Arrow-right Camera
The Spokesman-Review Newspaper

The Spokesman-Review Newspaper The Spokesman-Review

Spokane, Washington  Est. May 19, 1883
Clear Day 42° Clear

Going Mobile

Working our way back home

“You’re a long way from home,” said a friendly woman while walking her dog at Mathews Arm campground in Shenandoah National Park in Virginia. She had noticed our Washington state license plate.

Yes, we agreed, we’re definitely a long way from the Northwest, and lately, we’ve been infected with a case of the homesick blues.

Of course, we realize how fortunate we’ve been throughout our 20,000-mile adventure across the country, making a lifetime’s worth of memories in the past eight months.

Just last week, we spent a few days in the other Washington, hanging out with dear friends — former Spokanites — and exploring our nation’s capitol. Among the many highlights was a day at the Smithsonian National Museum of African American History and Culture, an incredibly moving experience.

The museum is wonderfully organized on its six floors. The shameful chapters of American history that involve slavery and the fight for civil rights that followed the Emancipation Proclamation — a struggle that continues today — are laid out in chronological order on the first three floors.

Many of the exhibits evoke strong emotions, but nothing was as sad and beautiful as the Emmett Till Memorial, with the coffin of the 14-year-old murdered in Money, Miss., on display. This tragic event in 1955 was one of the flash points that energized the Civil Rights movement as Emmett’s mother insisted on bringing her son home to Chicago and having an open casket to show the savage treatment her son had received for supposedly whistling at a white woman.

We were shaken and angered by much of what we read about this awful chapter of our nation’s history. After lunch, we headed to the other floors, and we were inspired by the amazing accomplishments of African Americans, from famous to obscure.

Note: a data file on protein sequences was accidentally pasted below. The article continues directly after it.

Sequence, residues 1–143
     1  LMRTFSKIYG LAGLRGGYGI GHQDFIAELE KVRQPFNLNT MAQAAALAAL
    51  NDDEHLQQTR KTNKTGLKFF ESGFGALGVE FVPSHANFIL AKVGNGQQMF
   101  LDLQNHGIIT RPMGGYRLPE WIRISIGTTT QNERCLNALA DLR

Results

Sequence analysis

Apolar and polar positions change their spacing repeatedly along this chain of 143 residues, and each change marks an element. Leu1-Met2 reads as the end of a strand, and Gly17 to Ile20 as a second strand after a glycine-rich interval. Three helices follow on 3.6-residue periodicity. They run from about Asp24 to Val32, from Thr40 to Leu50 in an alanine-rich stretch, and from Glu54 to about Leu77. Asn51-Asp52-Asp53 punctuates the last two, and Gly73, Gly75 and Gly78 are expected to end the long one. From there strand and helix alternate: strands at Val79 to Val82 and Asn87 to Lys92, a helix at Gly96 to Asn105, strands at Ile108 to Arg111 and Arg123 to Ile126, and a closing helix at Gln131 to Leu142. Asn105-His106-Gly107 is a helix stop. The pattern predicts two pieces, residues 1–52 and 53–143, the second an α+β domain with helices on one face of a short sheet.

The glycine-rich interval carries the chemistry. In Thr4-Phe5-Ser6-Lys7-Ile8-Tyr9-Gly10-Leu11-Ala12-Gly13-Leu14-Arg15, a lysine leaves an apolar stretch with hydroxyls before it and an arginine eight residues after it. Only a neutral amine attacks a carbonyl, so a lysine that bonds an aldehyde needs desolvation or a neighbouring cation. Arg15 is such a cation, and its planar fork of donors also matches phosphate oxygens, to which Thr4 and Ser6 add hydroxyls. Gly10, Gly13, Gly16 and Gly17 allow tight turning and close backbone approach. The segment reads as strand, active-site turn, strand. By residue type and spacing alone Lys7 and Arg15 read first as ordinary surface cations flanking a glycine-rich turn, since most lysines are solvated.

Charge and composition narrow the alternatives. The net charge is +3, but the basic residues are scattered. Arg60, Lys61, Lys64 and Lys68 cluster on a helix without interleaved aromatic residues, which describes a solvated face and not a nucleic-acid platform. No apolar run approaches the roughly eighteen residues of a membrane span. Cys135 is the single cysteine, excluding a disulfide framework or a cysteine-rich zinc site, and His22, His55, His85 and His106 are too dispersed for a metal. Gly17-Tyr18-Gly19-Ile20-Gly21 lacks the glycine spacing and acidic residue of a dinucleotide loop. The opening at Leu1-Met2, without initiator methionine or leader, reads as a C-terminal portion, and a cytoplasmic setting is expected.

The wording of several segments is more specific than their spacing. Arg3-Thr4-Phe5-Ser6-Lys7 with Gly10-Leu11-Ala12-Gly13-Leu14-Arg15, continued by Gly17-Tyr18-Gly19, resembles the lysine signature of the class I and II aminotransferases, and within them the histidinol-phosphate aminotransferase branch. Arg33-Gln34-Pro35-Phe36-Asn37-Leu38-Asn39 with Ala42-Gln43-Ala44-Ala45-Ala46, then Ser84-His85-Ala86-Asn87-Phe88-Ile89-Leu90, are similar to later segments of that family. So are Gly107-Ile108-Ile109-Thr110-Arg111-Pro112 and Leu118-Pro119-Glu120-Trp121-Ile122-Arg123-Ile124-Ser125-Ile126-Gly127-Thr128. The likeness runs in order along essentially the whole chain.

We loved the tributes to culinary icons such as Leah Chase from New Orleans, and the deep dive into the demise of baseball's Negro League. And the special Oprah exhibit prompted laughter and tears. No surprise, the guest book at the end of this special collection was filled with messages that said: Oprah For President.

Back at our friends’ comfy home, we started studying the road atlas, plotting the trip back. We’re ready to see the beauty of the Pacific Northwest once again, stopping for a final national park swing through the Badlands in South Dakota, Devil’s Tower in Wyoming and Yellowstone. Follow along at instagram.com/ourgrandtour.

 

South Dakota recommendations

 

Last week, we asked for your South Dakota recommendations and heard some fantastic ideas. Dick and Connie O’Brien of Spokane told us not to miss Devil’s Tower in Wyoming, Sturgis, Mount Rushmore and the Crazy Horse Memorial. “We tow an Airstream and have traveled all through the west and Custer State Park is one of our favorites,” Dick writes.

Custer State Park was also on the list of recommendations from reader Howard Braham. His other South Dakota highlights include the Black Hills Wild Horse Sanctuary in Hot Springs the National Music Museum in Vermillion. Howard also pointed us toward North Dakota to Theodore Roosevelt National Park, and Montana to visit Fort Benton Museum.

 

This week’s Going Mobile question

 

We’re looking forward to returning to the Northwest for some summer camping trips. What’s your favorite under-the-radar regional spots to visit? Send your suggestions to goingmobile@spokesman.com and we’ll include them in the next column.



Leslie Kelly
Leslie Kelly is a freelance writer.